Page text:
We conducted a clinical trial over a period of 8-10 weeks that included 44 adults with varying degrees of hearing loss (Figure 1). Study participants (15 female, 29 male) ranged in age from 22 to 78 years with a mean of 59.7 years. Both new and experienced users of hearing instruments were included. The five styles used for this investigation were in-the-canal (ITC), receiver-in-the-canal (RIC) in both an “open-ear” configuration (115/50) and a high-power (131/71) custom-occluded configuration, behind-the-ear (BTE) with a 13 battery and standard tubing, and a BTE with a 312 battery and thin tubing. All study participants were fitted bilaterally and participated in a minimum of four laboratory sessions.
Hearing aid fitting
Starkey's proprietary fitting formula, eSTAT, was used for the initial fitting of each test device. We conducted real-ear probe-microphone measurements using the Audioscan Verifit hearing aid analyzer on all fittings to evaluate the frequency response of the initial prescriptive fit (i.e., first fit) to eSTAT. To evaluate audibility for soft sounds and comfort for loud sounds, we obtained real-ear measurements using the International Speech Test Signal (ISTS)13 at 50, 65, and 75 dB SPL and a pure-tone sweep at 85 dB SPL. The test devices were fine-tuned during each laboratory session, as needed, based on patient reports of performance and comfort with the devices in real-world listening situations.
On average, the mean real-ear aided response (REAR) of the test devices generated outputs equal to or greater than the subjects' own hearing instruments. During each field trial, the devices were programmed with the full complement of digital signal processing, including: Voice iQ, wind and machine noise management, InVision directionality, and PureWave Feedback Eliminator.
After the participants had worn the test hearing aids for approximately 3 weeks, we used the Hearing in Noise Test (HINT)14 to objectively evaluate their ability to understand speech in noise. Administration of the HINT incorporated 20-sentence lists presented at 0º azimuth with uncorrelated speech-shaped noise generated at 65 dBA from seven additional speakers surrounding the subjects. Testing was conducted in four hearing instrument conditions: (1)-omnidirectional mode with Voice iQ disabled, (2) omnidirectional mode with Voice iQ enabled, (3) directional mode with Voice iQ disabled, and (4) directional mode with Voice iQ enabled. A-lower HINT score signifies better performance.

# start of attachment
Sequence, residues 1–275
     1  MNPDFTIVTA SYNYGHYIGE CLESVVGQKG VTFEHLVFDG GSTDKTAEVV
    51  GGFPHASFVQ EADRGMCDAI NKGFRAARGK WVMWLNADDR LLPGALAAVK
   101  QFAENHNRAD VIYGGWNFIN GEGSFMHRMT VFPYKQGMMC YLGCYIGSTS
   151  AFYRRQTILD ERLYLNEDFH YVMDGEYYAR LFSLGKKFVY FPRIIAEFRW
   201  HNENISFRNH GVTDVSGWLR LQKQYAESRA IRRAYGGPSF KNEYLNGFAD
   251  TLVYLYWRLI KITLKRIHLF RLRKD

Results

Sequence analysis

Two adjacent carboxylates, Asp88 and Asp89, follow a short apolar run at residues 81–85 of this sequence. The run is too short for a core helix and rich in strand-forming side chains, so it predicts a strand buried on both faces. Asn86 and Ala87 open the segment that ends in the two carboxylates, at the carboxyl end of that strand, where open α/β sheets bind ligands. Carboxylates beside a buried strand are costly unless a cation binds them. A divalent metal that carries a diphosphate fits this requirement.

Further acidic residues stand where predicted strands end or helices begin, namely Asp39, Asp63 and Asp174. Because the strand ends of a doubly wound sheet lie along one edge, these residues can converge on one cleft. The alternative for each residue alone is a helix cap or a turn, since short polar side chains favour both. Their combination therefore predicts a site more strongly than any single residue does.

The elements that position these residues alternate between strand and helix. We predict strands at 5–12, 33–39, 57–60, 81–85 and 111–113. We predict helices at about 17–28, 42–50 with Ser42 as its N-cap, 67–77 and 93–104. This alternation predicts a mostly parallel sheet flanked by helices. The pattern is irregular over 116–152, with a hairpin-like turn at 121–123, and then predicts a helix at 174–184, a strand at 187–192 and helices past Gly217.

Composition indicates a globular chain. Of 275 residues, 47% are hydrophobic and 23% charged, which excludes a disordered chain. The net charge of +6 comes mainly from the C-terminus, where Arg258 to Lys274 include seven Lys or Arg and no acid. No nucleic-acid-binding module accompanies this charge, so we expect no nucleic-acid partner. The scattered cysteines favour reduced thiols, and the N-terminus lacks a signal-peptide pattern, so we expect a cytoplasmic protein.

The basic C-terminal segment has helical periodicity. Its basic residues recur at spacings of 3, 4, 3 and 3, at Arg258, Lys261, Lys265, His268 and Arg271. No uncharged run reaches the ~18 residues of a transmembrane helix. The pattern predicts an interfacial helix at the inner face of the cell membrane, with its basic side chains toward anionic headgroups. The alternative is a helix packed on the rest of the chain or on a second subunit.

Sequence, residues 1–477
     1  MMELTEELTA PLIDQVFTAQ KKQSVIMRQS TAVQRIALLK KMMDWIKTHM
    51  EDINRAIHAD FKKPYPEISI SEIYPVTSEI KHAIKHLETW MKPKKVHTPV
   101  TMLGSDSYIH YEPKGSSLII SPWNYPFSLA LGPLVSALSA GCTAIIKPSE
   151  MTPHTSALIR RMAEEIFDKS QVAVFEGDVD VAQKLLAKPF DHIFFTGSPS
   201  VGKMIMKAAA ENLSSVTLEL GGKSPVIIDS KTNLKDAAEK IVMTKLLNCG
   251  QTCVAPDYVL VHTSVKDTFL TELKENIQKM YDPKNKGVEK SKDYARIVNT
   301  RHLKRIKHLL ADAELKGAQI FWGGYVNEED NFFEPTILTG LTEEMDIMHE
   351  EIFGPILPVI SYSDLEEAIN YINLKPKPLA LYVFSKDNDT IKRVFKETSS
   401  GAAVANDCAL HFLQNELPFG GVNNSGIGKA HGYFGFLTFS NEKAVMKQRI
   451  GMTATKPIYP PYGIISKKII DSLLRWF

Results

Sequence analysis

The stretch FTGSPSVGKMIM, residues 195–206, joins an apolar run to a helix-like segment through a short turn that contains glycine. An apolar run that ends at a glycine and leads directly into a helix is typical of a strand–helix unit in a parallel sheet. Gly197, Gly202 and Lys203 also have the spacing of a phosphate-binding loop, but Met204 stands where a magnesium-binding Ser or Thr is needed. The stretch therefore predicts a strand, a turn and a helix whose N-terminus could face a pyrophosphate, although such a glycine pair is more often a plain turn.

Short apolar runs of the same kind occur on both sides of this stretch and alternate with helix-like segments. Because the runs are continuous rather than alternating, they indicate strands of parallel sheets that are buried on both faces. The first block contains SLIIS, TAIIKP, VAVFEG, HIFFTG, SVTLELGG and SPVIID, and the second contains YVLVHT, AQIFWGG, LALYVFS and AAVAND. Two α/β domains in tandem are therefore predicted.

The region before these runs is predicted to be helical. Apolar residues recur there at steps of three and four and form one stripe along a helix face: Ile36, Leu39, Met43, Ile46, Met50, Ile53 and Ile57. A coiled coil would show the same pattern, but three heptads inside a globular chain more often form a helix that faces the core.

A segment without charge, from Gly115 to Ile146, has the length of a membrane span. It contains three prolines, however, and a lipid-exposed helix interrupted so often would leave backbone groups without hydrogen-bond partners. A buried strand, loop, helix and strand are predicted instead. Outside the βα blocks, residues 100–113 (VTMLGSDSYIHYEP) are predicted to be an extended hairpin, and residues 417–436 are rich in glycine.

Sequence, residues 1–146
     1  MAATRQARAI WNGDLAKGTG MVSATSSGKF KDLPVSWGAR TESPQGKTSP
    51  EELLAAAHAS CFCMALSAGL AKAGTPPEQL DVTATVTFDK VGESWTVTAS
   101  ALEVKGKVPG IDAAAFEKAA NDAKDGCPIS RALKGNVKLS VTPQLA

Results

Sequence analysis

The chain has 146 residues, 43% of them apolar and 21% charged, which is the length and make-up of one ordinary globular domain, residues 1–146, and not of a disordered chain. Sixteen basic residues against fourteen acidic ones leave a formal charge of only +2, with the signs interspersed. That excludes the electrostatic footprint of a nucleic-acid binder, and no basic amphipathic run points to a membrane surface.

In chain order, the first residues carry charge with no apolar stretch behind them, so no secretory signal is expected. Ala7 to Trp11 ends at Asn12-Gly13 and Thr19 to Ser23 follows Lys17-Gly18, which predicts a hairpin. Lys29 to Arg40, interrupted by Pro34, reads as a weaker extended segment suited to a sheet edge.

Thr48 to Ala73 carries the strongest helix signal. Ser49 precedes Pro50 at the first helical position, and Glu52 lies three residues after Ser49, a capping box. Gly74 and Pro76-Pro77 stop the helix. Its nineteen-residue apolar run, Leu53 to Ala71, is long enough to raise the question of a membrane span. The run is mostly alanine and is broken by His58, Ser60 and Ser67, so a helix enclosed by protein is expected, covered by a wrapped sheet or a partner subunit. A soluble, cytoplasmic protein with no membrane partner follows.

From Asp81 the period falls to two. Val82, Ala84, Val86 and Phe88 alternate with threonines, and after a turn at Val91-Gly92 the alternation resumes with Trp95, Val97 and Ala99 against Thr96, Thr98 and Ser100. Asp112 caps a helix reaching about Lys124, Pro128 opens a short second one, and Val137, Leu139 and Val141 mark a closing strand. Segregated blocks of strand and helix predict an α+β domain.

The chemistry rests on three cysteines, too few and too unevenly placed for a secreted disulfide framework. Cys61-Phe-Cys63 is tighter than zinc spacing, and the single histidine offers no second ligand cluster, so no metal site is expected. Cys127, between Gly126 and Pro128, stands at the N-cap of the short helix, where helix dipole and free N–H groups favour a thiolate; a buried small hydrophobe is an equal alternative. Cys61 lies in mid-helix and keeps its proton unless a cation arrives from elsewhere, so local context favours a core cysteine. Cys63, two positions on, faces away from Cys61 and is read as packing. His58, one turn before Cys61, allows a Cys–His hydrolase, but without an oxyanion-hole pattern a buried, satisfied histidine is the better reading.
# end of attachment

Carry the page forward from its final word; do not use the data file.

We analyzed the data using a one-way repeated-measures analysis of variance (RMANOVA) with a Bonferroni correction for multiple comparisons. Figure 2 shows the average HINT results (dB SNR) for the four test conditions. There were no significant differences in mean SNR scores between the two omnidirectional conditions, nor was there a significant difference between the directional conditions (p>0.05). The average SNR scores of -3.26 dB and -3.24 dB SNR, for-the directional and the directional-plus-Voice iQ conditions, respectively, represented a significant improvement (p<0.001) over the omnidirectional conditions of approximately 2.6 dB. The lack of any significant difference between the Voice iQ-on versus Voice iQ-off conditions, in either the omnidirectional or directional condition, suggests that directionality, not Voice iQ, was responsible for the improvement in speech understanding on the HINT.
As stated in the introduction, the goal of a noise-management algorithm is to improve listening comfort in noise without degrading speech understanding. These findings demonstrated that Voice iQ met the design goal of not adversely affecting speech intelligibility in either omnidirectional or directional-microphone configurations.
In addition to evaluating speech understanding via the HINT, we assessed perceived comfort in noise. For this evaluation, we conducted the Acceptable Noise Level (ANL) test15,16 using the same four hearing aid conditions described for the HINT. Since the potential additive benefit of directionality was of interest in this test, administration of the ANL was modified by presenting running speech from 0º azimuth and uncorrelated speech-shaped noise from 180º azimuth.